Kill Bill uses several key contrasts as a film technique throughout Volume 1 and in places in Volume 2. The opening scene quickly defines this to the viewer with the “do you find me sadistic?” speech by Bill; he explains to the bride who is dying on the floor that he is actually being masochistic and “there is nothing sadistic” in his actions as he unceremonially fires a bullet into The Bride’s head. But this is not before she can announce, “Bill, I’m pregnant. It’s your baby”. This sets up the most paradoxical situation of the film – Bill and The Bride are lovers yet they are out to kill each other. This highlights the insanity and crazed bloodletting as though a pure love is tainted by insanity and violence - the black and white recording used in this scene gives The Bride’s blood a surreal atmosphere and only heightens this observation, as she is the inversion of a typical bride. The situation is disturbing and immediately the responder is left with a feeling of disgust and nausea as they witness the blood splatter on the screen; and as the responder begins to wonder how people can be so cold – it cuts out into a film title and these thoughts are left to play on the viewer’s mind; further advancing the confusion and highlighting the absurd nature of the situation. This juxtaposing highlights emotions to the viewer and creates situations where the respondent cannot feel comfortable and they are forced to interpret the scene in an ambivalent frame of mind.
The use of juxtaposing to create humour is evident as The Bride assassinates Vivica A. Fox. The Bride and Fox’s fight scene is shot in an overtly cartoonish way with cheap sound effects recreating a typical seedy kung fu movie. Yet because they are fighting to the death the reader accepts this absurdity and passes it off as normal. The shock comes with the arrival of Fox’s child Nikkei – curtesy of a yellow school bus. The situation is only comical to the viewer as two deadly assassins hide weapons behind their backs and talk like normal (with sweet voices) to the child and they both then proceed to have coffee together. When The Bride kills Fox she turns to Nikkei:
It was not my intention to do this in front of you. For that I'm sorry. But you can take my word for it, your mother had it coming. When you grow up, if you still feel raw about it, I'll be waiting.
The coldness in which The Bride can deliver this speech to a child is appalling. The responder struggles to grip with this, as they believe Uma should be the hero not the anti-hero. Nevertheless they still find themselves in the situation where the audience feels sympathetic to The Bride, as she is obviously a human who has lost emotion and the ability to feel. She is a broken women shown because instead of enacting the normal ‘mothering’ instinct and soothing the child; she speaks about further death and revenge. These contrasts are weird and the responder once again fumbles to understand what is happening - they want to laugh at the absurd but feel guilty because Nikkei has lost her mother yet they try to justify the bride’s actions because Fox was an assassin. This is very similar to Catch-22 by Joseph Heller as they both can be interpreted as a tragedy or as a black comedy of the absurd.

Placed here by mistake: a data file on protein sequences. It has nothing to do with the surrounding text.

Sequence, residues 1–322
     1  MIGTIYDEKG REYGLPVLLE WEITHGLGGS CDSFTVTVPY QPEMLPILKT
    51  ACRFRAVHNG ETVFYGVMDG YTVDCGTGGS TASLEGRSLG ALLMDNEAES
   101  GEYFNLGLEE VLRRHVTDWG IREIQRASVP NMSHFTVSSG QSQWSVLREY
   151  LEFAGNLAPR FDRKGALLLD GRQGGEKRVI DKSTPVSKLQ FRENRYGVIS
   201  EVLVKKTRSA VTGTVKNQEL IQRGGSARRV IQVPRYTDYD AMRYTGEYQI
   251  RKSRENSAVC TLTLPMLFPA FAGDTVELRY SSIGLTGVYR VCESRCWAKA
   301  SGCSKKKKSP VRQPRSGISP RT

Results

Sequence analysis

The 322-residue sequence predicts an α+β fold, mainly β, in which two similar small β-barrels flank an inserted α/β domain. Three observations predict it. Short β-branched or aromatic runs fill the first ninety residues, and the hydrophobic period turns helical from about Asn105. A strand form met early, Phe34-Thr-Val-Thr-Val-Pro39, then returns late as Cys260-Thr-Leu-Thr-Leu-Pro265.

"To call Kill Bill a violent film is at once stating the obvious and missing the point" Tarantino uses blood and excessive violence throughout Volume 1 to position the responder towards a certain perspective, through cleaver use of cinematography and direction. During the House of Blue Leaves fight the violence takes an artistic feel and becomes beautiful. The fight with the Crazy 88's it is evident that much of the fight is scripted and it seems like little effort was placed in making the fight natural or realistic. The thrusts parries and counterblows move with the music. So rather than the slaughter of countless men during this fight taking on a gruesome appearance it becomes a dance of intricate complexity. This causes the responder to question how they should react to the violence as it is obviously on face value gruesome and off-putting yet under the excessive blood is the hint of art work and subtle beauty. The cinematography and style of the movie changes constantly and this creates new affects and interpretations on any given take. Single long shots are used to follow the fight around the room - highlighting the violent dance as they interact with the surroundings and adding to the artistic nature. Black and white filming is used to lessen the carnage and help the responders to distance themselves as the blood is changed to a pitch-black liquid and its impact is lessened. This also helps the dark humour that is evident in the movie, as with each killing the blood sprayed from the dying appears to be ridiculous. The dancing link is further developed as the filming changes to silhouetted outlines as the reactions and movements of each character seems to be in time with the others. Tarantino has created a balance with the violence. At times it is extremely cold and brutal, and at times it is beautiful and artistic and this creates uncertainty as the audience wishes to interpret the violence in one way or the other and they are therefore left with in uncomfortable situation.